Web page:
While overseeing an historical document preservation project with students at the Mary F. Shipper Library, Nick Gardner, who serves as a librarian, noticed that chapters were missing from a 1930s title, The History of the Potomac State School.
The book was created as a collective effort by freshmen composition students and supervised by Elizabeth Sexton during the 1935 spring semester. The book summarized the history of the Keyser and Mineral County areas, as well as the history of the school from its founding to the then-present era of the 1930s. Detailed information was included about the grounds and buildings, different academic departments and the extracurricular activities of students. Joseph Stayman, campus president at the time, provided access to his personal office files from which students drew much of their information, along with many primary sources housed in the student newspaper office and the library. The students also interviewed townspeople and former students to help fill in their research gaps.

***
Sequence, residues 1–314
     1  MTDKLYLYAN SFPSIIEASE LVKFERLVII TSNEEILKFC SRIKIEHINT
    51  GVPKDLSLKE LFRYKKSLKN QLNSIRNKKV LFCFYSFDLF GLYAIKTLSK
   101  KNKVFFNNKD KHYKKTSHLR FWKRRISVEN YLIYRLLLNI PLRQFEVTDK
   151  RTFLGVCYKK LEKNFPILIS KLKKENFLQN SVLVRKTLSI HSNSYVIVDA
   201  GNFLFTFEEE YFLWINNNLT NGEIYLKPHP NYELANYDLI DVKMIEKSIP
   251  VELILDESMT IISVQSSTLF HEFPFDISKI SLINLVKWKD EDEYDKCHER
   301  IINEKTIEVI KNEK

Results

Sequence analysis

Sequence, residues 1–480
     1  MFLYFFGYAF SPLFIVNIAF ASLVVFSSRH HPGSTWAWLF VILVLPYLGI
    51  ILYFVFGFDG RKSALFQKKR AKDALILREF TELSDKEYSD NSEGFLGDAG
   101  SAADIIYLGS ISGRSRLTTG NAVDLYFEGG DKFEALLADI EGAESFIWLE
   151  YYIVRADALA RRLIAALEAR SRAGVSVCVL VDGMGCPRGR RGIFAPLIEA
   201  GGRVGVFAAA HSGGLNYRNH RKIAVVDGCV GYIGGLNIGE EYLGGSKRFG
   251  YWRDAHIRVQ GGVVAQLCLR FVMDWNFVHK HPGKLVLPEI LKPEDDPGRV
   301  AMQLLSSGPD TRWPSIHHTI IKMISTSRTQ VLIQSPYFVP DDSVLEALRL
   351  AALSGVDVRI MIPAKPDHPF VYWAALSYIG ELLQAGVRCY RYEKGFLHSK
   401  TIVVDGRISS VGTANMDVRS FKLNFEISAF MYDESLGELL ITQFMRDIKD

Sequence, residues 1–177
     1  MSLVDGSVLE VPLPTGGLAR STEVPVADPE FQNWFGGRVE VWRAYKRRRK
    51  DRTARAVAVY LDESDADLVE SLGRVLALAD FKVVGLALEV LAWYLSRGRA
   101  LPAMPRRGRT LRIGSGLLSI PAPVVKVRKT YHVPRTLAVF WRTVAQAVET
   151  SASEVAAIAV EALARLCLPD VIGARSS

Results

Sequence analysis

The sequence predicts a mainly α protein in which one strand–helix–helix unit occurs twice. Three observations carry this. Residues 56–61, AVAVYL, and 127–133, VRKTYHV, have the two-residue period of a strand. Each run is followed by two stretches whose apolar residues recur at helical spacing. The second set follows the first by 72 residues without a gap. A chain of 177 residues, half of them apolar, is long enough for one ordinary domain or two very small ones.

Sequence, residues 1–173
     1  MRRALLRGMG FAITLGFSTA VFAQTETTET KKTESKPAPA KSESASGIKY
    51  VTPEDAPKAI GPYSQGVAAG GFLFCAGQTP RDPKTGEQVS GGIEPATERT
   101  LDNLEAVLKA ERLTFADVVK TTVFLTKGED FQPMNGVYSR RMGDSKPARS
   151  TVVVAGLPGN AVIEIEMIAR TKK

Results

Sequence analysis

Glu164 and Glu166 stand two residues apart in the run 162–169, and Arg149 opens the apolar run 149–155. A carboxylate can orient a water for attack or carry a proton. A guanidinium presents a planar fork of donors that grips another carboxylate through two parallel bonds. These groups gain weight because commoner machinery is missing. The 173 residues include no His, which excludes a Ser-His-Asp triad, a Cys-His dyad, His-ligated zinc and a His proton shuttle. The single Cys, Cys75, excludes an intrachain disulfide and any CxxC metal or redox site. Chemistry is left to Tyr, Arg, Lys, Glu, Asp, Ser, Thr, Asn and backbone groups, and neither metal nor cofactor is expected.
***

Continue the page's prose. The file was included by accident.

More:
The work was approved by the West Virginia State Board of Education and was lauded as a worthwhile endeavor that would benefit not only Potomac State students, but also students throughout the state of West Virginia, as noted by Charles G. Gain, a member of the state’s Board of Education. The writing was spurred in part by the fact that the school was to be placed under the control of the WVU Board of Governors the following academic year. A March 27, 1935 article in the student newspaper, The Pasquino, suggested that the work was intended to be ultimately deposited in the campus library at completion. Short excerpts of each chapter were orally presented by the students during the final 1934-1935 faculty assembly meeting that May.
Regrettably, to the library’s knowledge, the only evidence this work was ever undertaken is a draft copy which has been housed in the library’s collection for the past 86 years. This draft contains corrections and markings. While otherwise complete, two chapters from the second volume are missing, ‘The Biology Department’ and ‘Conclusion.’
Gardner hopes that the missing pieces might eventually come forward or that he’ll have more time to research the history of the book before publicly sharing the digitized copies.
If members of the community have copies of the missing chapters or the entire work which they are willing to temporarily lend for photocopying, please contact Gardner at 304-788-6901 or at email@example.com.